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Memorial Tribute  to Dr Ian Cedric Player by Dr Ian McCallum, long time friend, wilderness spirit and co-campaigner for the wild.  Dr Player’s memorial service was held at Hilton College on 14 – 01 – 2015

 “I tell you that which you yourselves do know … You all did love him once, not without cause … My heart is in the coffin there with Caesar,And I must pause till it come back to me.”

Relevant to this memorial, these are lines from one of the greatest eulogies in English literature … Marc Antony’s, Shakespearian tribute to Julius Caesar.

Ian Player and Ian McCallum

Ian Player and Ian McCallum

It is with a deep sense of humility, responsibility and gratitude that I stand here to honour the life of Ian Cedric Player. I am very aware that there are many in this audience who are more than qualified to do so and who would have willingly taken my place on this podium. I trust what I have to say will echo with what is in your own hearts, for to speak about and to remember him is to speak at the same time about those whom he loved and influenced as well as those who loved and influenced him. No man is an island said the poet, John Donne and it is true. The identity for which we all strive and for which we are ultimately known is impossible to define outside of our relationships not only with others, but with the animals and with the landscapes in which we live. They shape us in much the same way as we shape them. It is in this regard that I am mindful and appreciative of you, Ann, and not least, the influence of those many outstanding and passionate wilderness characters who, in their own way, played significant roles in the shaping of Ian’s life. The list of these men and women including those who wholeheartedly supported his work and vision, is too long to include in this address, but what they all had in common, in his own words was courage, discipline, loyalty and commitment. For those who belong on that list and who are here today, you know who you are and I salute you.

Ian passed away peacefully on Sunday 30 November 2014. He was 87 years of age ( the birthdays of Winston Churchill and Mark Twain … and the death of Oscar Wilde. These coincidences in life would not have gone unnoticed by him.) His final peaceful surrender at his home in the Karkloof Valley not far from here, contrasted sharply with the way he lived his life, with the way he dealt with his ailing body and ultimately, his own mortality. The Welsh poet, Dylan Thomas would have been proud of him. He raged against the dying of the light, not simply his own dying, but against the toxic darkness of human indifference to the damage it is inflicting on Nature. He did not go gentle into that good night.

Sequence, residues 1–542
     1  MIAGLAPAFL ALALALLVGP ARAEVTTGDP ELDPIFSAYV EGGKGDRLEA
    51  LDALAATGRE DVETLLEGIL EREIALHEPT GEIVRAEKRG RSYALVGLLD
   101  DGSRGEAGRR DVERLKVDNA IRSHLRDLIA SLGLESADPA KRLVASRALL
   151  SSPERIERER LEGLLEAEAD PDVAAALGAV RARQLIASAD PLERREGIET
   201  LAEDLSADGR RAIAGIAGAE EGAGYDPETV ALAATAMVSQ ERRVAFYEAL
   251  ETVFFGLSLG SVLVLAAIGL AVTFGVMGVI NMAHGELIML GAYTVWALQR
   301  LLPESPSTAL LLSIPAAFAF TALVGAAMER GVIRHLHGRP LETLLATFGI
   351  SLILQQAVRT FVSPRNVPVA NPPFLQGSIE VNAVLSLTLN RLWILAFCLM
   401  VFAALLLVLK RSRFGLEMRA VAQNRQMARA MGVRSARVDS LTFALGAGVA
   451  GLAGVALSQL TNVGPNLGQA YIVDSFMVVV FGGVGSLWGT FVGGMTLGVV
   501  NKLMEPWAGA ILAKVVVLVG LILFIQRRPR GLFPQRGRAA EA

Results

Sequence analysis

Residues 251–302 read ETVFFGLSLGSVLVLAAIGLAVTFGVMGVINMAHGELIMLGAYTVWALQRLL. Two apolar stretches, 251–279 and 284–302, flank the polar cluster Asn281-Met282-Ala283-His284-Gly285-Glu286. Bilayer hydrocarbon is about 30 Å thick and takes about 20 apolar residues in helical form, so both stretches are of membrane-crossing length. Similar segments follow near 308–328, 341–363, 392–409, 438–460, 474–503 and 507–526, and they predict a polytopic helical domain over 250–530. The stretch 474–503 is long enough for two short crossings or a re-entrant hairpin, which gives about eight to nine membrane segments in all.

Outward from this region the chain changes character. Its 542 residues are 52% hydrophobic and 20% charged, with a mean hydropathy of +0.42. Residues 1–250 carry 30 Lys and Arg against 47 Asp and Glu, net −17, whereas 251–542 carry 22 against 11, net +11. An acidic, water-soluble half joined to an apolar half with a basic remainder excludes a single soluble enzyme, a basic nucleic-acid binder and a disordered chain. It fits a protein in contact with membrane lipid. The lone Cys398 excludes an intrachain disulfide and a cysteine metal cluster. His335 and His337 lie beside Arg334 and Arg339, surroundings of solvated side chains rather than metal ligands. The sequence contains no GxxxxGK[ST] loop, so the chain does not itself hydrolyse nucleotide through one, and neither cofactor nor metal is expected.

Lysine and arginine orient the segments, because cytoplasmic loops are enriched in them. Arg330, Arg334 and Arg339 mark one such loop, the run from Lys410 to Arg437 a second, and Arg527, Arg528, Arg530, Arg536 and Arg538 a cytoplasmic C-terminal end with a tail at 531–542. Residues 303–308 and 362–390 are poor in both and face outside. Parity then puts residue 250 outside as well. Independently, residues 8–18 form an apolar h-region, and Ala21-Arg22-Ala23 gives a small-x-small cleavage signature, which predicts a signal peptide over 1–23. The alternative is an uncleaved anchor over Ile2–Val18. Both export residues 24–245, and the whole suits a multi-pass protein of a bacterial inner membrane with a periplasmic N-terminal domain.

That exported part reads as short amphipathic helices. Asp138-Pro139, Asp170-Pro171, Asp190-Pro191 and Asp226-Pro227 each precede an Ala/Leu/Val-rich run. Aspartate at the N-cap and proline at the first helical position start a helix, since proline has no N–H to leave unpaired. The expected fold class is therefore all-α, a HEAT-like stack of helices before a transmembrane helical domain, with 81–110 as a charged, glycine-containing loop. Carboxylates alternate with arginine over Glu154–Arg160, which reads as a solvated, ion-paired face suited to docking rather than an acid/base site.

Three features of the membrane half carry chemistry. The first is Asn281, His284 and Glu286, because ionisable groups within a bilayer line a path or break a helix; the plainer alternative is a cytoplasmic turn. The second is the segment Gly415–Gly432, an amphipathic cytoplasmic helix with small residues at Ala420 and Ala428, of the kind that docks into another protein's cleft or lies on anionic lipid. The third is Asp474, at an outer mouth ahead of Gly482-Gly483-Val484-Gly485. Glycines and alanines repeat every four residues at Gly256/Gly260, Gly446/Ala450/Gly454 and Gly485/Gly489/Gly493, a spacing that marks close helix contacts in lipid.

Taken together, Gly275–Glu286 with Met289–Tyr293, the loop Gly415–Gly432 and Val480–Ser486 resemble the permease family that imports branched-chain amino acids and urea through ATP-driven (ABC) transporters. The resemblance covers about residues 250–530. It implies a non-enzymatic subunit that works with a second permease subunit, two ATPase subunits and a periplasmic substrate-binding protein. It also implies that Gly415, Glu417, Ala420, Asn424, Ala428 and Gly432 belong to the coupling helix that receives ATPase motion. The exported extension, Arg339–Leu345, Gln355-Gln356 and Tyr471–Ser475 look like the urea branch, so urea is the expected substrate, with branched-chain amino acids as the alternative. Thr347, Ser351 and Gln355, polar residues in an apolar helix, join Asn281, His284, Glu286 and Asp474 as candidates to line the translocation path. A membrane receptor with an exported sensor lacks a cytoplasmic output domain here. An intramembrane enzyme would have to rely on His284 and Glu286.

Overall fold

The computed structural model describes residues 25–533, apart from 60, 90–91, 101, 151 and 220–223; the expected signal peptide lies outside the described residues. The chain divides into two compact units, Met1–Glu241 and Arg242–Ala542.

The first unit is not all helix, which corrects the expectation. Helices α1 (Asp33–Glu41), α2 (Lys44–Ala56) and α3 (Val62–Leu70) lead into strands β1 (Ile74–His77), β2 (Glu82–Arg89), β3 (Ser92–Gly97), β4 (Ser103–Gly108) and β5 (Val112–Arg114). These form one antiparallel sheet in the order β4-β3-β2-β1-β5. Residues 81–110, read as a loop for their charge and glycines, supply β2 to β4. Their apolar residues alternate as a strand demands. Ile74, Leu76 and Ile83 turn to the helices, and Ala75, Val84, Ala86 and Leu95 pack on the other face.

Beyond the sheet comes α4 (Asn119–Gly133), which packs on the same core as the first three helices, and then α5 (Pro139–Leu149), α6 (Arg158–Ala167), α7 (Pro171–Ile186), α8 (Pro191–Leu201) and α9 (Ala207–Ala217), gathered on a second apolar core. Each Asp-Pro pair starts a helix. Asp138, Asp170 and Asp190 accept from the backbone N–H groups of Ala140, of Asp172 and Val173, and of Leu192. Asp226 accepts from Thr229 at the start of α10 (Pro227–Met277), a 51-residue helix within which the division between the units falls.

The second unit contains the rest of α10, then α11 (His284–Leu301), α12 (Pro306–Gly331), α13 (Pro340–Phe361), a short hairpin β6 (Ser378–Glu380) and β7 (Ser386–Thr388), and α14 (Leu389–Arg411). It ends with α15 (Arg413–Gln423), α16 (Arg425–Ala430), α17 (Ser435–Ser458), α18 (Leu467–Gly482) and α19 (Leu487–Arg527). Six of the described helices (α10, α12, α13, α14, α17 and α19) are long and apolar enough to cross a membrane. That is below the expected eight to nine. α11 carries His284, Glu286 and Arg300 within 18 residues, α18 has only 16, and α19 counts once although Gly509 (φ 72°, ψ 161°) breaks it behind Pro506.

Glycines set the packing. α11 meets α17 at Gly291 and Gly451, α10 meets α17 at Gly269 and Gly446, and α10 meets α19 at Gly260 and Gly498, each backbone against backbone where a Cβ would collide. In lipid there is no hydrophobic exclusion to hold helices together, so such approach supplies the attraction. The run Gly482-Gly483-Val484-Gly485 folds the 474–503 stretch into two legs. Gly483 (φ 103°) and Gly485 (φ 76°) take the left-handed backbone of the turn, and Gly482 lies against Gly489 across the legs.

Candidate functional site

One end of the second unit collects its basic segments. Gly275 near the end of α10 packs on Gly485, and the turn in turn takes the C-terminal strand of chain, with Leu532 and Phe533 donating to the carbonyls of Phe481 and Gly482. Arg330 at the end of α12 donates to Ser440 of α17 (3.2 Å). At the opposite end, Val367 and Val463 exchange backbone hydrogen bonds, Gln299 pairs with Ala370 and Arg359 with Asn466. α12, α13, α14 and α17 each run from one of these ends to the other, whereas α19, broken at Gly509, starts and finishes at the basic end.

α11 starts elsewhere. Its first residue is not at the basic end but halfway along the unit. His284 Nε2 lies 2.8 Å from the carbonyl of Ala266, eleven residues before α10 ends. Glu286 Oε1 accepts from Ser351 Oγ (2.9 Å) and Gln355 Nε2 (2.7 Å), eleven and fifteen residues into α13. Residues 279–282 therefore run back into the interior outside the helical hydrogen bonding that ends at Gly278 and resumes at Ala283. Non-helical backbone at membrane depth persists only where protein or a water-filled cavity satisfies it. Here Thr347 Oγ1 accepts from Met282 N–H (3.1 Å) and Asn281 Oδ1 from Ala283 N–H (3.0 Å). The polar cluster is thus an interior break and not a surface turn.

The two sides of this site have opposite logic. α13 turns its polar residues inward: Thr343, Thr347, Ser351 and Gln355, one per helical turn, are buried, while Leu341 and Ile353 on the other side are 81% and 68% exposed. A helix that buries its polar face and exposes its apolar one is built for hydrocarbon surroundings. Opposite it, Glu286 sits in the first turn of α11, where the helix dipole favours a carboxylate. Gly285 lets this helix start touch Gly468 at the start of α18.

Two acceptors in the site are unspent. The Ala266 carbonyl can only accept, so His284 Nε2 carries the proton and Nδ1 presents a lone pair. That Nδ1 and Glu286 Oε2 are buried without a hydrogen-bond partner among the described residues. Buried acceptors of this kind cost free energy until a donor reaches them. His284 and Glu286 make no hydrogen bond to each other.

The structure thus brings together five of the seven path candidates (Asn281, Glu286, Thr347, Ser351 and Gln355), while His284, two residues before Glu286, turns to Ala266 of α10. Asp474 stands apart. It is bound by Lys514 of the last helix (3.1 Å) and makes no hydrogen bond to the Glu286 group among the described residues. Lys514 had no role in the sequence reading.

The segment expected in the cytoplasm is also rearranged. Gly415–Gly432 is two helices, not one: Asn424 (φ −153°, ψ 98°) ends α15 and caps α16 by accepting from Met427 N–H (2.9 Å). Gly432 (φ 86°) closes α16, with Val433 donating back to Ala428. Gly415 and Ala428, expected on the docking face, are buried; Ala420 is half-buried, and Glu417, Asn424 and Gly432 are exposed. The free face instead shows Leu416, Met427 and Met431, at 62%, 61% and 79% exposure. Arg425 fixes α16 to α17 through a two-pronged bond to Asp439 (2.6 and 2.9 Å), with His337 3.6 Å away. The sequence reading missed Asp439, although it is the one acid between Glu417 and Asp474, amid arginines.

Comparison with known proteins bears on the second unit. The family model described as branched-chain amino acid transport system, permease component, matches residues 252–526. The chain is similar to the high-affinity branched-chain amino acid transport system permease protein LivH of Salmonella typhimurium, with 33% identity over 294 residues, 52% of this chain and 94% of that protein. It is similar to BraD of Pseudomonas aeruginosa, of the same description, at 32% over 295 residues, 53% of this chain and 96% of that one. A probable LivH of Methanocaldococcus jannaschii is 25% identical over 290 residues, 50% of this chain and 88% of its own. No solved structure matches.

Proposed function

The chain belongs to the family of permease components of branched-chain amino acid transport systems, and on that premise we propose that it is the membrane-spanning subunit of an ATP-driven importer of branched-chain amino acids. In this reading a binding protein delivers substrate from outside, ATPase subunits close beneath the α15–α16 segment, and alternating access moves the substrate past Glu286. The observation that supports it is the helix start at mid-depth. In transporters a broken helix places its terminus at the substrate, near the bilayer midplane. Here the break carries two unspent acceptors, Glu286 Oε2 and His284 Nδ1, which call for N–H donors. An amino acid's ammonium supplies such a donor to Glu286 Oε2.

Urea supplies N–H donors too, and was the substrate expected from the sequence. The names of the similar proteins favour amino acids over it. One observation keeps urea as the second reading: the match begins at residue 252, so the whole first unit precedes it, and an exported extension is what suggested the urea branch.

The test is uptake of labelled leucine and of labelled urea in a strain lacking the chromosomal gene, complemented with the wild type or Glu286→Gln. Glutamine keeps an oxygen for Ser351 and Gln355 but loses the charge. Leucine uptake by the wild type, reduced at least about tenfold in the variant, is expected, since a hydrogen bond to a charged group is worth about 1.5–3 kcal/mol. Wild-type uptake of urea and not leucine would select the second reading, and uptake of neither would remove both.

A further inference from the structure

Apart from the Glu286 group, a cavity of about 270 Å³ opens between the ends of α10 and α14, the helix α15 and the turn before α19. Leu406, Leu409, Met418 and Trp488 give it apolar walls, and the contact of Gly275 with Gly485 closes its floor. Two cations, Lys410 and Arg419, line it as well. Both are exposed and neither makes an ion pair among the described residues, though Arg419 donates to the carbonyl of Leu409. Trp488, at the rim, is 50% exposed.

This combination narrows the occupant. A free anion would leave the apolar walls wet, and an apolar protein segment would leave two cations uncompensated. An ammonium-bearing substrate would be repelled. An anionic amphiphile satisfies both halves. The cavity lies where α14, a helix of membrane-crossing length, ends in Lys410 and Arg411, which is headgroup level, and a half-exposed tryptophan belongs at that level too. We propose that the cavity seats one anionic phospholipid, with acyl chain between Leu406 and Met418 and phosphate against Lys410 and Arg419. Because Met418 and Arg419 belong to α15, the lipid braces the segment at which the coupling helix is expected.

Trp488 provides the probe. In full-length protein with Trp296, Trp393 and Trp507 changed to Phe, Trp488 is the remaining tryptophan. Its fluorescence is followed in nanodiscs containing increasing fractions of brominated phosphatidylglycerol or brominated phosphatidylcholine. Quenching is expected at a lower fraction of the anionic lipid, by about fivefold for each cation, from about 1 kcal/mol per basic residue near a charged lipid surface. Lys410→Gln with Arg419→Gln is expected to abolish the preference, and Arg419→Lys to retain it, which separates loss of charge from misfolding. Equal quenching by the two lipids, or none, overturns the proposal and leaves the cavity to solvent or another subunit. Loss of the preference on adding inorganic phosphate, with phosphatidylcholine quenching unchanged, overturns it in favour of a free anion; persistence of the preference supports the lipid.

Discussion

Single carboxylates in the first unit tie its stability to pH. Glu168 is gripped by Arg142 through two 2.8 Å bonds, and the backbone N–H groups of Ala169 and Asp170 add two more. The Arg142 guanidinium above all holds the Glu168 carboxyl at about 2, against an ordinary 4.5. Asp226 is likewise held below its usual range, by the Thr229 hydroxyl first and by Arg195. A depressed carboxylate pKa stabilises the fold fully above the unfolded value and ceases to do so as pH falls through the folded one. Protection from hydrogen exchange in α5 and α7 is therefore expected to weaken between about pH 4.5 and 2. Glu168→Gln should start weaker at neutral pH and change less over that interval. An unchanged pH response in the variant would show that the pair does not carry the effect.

Ian was the founder of Wilderness Leadership School (1957), the Wilderness Foundation (1974) and the internationally acclaimed Wilderness Congress (1977) – a 4-yearly event that over the years, through his efforts and later, that of Vance Martin and Andrew Muir has brought together many of the world’s most prominent environmental campaigners, photographers, conservation scientists, artists and journalists – think of Jane Goodall, Sylvia Earle, Wangari Muthaai, Michael Faye, Ian Douglas- Hamilton, George Monbiot, Art Wolff, Frans Lanting and more … but back to his history. He was the founder of the Natal Canoe Club and in 1950 he initiated the world-famous ‘Duzi canoe marathon, winning the epic 110-mile event on three occasions. As a game ranger for the Natal Parks in the early 1950’s, inspired by previous park wardens, Vaughan Kirby and H.B. Potter’s efforts to protect the remaining white rhino of the Umfolozi, he and pilot Hendrik van Schoor, conducted the first aerial count of the sole surviving group. The unforgettable number was 437… four hundred and thirty seven!

In 1960, as a senior warden, alarmed by what he described as “the horrific poaching” of these animals, he initiated and directed the famous ‘Operation Rhino’ relocation programme. The result was the successful placement of many of the survivors to other national parks throughout the country as well as to sanctuaries in the USA and Europe. Without this initiative, it is almost certain that these creatures would have been classified as extinct, today. Instead, his name is now synonymous with the present lively, yet threatened status of this species. Sadly, it would appear, history is repeating itself.

A fierce campaigner for the conservation and protection of wild areas, not only in South Africa – think of St Lucia – but worldwide, his long list of honours is testimony to his credibility. They include two honorary doctorates, and the Decoration for Meritorius Service from the Office of the President of the Republic of South Africa. A recipient of the Endangered Wildlife Trust’s Conservation Statesman of the Year Award, he was also a Paul Harris Fellow – The Rotary Foundation International’s  highest award for “furthering a better understanding of the friendly relations among people’s of the world”. In 1981 he was honoured by the Prince of the Netherlands and admitted to the Order of Knight of the Golden Ark.